If you happen to be like most individuals, you start the car every morning and prepare to fight traffic on your way to work. However wouldn’t it be nice to read a ebook during your commute as an alternative? Or examine your e-mail? Even write a few texts?
At present, that’s not attainable for drivers. (Truly, it’s possible, however it’s dangerous. And way too many individuals do these things and worse behind the wheel.)
Tomorrow, however, self-driving vehicles may give us all the power to do these things safely. And two superb concept vehicles on the Consumer Electronics Show (CES) in Las Vegas offered a glimpse of an exciting future.
Every January, hundreds of individuals from the world over attend CES to see the newest improvements in technology. Sam Affolter, senior director of research and innovation at Safeco, was there this year — and he’s intrigued by the place the auto business is headed.
“One of many coolest shows at CES was Toyota’s Concept-i automotive,” Affolter stated. “It has a digital assistant referred to as ‘Yui,’ an artificial-intelligence character that customizes itself primarily based on the different individuals within the automotive.”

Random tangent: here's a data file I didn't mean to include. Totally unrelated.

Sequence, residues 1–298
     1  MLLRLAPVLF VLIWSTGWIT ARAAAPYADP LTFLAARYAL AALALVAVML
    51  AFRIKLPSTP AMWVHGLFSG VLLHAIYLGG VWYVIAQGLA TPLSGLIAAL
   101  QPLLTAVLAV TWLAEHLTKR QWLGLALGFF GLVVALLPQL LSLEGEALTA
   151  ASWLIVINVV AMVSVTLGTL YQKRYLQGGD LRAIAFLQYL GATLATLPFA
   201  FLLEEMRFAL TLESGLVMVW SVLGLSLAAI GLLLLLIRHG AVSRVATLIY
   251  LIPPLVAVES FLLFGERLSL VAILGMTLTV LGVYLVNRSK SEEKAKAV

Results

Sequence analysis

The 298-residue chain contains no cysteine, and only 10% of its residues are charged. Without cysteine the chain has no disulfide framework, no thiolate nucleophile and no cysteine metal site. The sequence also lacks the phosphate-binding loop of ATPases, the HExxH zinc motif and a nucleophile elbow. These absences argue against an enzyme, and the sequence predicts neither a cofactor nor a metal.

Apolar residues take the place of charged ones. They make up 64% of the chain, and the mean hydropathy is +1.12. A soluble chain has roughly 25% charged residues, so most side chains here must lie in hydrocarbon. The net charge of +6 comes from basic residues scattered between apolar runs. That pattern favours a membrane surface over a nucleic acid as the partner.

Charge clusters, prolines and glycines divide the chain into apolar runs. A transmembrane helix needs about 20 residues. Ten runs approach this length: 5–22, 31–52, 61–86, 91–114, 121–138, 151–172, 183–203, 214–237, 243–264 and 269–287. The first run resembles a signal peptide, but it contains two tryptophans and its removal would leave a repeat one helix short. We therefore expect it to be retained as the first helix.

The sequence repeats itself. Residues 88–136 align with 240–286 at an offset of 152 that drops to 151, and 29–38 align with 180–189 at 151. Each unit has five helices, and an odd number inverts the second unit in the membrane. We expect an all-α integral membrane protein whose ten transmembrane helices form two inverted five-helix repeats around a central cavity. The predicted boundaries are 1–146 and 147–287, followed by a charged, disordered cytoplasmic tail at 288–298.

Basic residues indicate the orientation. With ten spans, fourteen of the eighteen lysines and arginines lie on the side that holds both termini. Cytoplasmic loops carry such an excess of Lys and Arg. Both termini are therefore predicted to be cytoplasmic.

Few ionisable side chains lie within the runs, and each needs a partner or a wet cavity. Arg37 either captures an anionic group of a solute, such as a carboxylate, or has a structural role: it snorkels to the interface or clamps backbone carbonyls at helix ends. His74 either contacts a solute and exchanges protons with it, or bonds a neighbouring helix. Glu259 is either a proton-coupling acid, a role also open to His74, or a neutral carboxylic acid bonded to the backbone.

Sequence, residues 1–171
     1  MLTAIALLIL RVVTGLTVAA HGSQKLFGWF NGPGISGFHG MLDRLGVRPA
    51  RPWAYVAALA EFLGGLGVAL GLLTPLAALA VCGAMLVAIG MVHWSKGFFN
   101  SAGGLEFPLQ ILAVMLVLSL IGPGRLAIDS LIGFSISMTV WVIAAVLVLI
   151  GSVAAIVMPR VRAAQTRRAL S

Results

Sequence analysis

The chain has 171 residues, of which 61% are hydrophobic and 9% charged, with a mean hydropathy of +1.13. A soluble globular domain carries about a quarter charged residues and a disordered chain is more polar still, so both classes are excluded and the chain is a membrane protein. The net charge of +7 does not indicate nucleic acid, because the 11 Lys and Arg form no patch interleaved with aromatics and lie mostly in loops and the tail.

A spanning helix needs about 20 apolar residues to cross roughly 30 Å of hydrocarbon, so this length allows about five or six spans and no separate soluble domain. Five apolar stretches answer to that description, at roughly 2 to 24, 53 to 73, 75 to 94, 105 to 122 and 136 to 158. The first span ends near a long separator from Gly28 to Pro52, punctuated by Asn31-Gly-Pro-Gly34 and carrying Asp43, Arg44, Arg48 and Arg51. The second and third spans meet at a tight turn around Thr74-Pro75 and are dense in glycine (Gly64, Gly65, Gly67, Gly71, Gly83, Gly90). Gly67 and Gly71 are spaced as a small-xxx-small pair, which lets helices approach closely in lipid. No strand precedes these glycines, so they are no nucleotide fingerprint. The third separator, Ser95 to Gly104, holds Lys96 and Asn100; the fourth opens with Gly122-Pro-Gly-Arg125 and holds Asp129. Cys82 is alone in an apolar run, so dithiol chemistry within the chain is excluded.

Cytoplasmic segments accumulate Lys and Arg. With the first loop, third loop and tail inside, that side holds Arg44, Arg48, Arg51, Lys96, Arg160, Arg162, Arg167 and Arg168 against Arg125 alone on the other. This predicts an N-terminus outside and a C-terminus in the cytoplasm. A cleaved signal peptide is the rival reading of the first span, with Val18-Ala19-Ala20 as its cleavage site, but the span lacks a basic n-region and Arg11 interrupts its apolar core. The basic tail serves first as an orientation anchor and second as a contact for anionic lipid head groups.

With inward-facing cameras, Yui (pronounced “U-E”) identifies who’s within the automotive and the place they’re sitting, and can advocate switching to autonomous mode when its facial-recognition technology senses the driver is distracted or sleepy.
It additionally learns your habits and preferences, Affolter stated. “I want to be moving rather than stuck in traffic — and Yui will pick up on that and recommend routes that may be longer but with much less congestion.”
Honda also made an enormous splash at CES with its NeuV, which stands for “New Electrical City Car.” Personal autos aren’t in use 95% of the time, and Honda says the NeuV (pronounced “New-V”) may make good use of that further capability. It could possibly operate as an automatic ride-sharing vehicle, choosing up and dropping off clients at local locations when the owner will not be using the automotive. And when it’s idle, the NeuV even can sell power back to the electrical grid.
“It’s vital to notice that neither of those automobiles is rolling off the meeting line,” Affolter stated. “They’re simply examples of the probabilities.”
That could be a good thing, because it’s going to take time for people to get used to the idea of giving up control.
Each Yui and NeuV assist break this barrier by acclimating drivers to the AI system in methods that may construct belief, based on Affolter. Offering correct, useful data and suggestions over time will increase the chances you’ll say “OK” when Yui or NeuV provide to take the wheel if you look drained or seem distracted.
“These innovations are paving the way to a more driverless future,” Affolter stated. “It’s going to be actually attention-grabbing to see the place it leads us.”
Reposted with permission from the original writer, Safeco Insurance®.